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Documents Relating to New Zealand's Participation in the Second World War 1939–45: Volume III

Section II

page 238

Section II

4. The strength of the army required to secure the safety of New Zealand is naturally much influenced by the naval situation and by the strength of the New Zealand air forces. The naval situation, even if in our favour, is liable to a complete upset by defeat and cannot at present be regarded as in any way a substitute for local defences. Air defence depends upon quality and number of aircraft, efficiency of air units and the capacity of aerodromes, and does not appear likely to afford a sufficient deterrent against heavy scale attack for a long time. Land forces are therefore of prime importance meanwhile until the naval and air situations develop materially in our favour.

5. Factors of importance in the land defence of New Zealand are:


Isolation of New Zealand from other land, which virtually prevents enemy use of shore-based aircraft during approach and enhances the value of both strong New Zealand air forces and of strong land forces to prevent the enemy securing a footing anywhere in New Zealand.


Elongated shape, lengthy coastline, present incomplete warning system, prevalence of harbours and landing beaches, great distances between vulnerable points, the existence of Cook Strait, limited capacity of main roads, and 3 ft 6 in. gauge railways.

These factors require strong mobile forces in at least seven widely separated areas and local garrisons for secondary ports and sheltered waters in addition to fortress areas. Aerodrome protection is difficult as many are close to the coast and there is much flat land in sparsely populated areas. Thus, the forces required in each island must be considerably superior to likely enemy forces to ensure speedy and effective opposition by at least equal forces and rapid concentrations of superior force….1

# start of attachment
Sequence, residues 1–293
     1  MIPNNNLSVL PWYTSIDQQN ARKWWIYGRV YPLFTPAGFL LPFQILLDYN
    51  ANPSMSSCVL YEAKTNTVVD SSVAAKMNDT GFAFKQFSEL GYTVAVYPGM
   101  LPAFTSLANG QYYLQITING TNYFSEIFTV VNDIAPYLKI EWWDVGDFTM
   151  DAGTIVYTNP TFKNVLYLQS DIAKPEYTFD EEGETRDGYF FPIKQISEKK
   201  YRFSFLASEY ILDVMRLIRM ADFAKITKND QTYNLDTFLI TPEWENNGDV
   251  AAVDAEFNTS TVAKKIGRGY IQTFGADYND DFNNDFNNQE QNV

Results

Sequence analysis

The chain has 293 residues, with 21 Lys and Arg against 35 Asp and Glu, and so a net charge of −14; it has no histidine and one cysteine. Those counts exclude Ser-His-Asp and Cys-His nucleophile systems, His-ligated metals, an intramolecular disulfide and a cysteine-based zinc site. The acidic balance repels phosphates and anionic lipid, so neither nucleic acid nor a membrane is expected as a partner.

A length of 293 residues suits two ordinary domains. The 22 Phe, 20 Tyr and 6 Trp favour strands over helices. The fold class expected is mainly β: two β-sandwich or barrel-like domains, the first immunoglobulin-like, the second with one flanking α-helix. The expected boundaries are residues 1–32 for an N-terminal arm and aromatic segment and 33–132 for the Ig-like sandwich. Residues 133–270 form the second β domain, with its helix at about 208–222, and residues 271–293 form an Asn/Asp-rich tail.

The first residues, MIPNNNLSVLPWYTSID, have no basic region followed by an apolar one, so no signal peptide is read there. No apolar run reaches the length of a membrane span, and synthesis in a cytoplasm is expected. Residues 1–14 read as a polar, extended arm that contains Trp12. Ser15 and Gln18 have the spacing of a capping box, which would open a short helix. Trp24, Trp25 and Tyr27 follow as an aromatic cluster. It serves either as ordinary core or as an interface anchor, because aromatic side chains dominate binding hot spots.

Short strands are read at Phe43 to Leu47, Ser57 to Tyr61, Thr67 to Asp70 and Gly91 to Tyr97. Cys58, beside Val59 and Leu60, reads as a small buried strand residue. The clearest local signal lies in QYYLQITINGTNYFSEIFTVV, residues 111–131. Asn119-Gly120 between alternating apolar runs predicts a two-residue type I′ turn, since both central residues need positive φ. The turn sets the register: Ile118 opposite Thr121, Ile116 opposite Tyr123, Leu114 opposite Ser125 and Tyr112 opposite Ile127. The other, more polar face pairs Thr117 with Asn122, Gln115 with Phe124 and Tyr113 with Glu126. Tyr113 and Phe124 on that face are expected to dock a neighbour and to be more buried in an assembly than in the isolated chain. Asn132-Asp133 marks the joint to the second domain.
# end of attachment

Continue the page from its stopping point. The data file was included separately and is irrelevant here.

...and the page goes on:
8. Your paragraph (c)

Increasing existing companies to battalions and calling up personnel to form garrison battalions.

Raising Maori battalion.

Training and throwing off cadres to man additional coast, medium, field, anti-tank and anti-aircraft artillery due to arrive.

Training Home Guard instructors and personnel to man various anti-aircraft equipment and Coast Defence artillery sets.

Training in the Army approximately 6000 Air Force recruits for aerodrome battalions until required in the Air Force….2

1 Detailed estimates of the land forces required for the defence of New Zealand and Fiji, as well as a statement of the forces then available, have been omitted.

2 Proposals for the production of weapons and equipment are omitted.

page 239

9. State of Readiness.

(i) By 30 June: Two-thirds of force complete minimum of six months' continuous training, balance three months. On present indications the equipment situation should then be satisfactory except for 9·2-inch equipments, anti-aircraft and anti-tank guns, anti-aircraft searchlights, tanks for nine AFV regiments, anti-tank mines, and possible rifles for 100,000 Home Guard. Forces should be well able to undertake active operations. Entrenchments, obstacles and improvements to roads and bridges should be well advanced.

(ii) By 31 December: Forces should be thoroughly fit for any operations….1

1 Details of reinforcements and equipment required from outside sources for the defence of New Zealand and Fiji are omitted.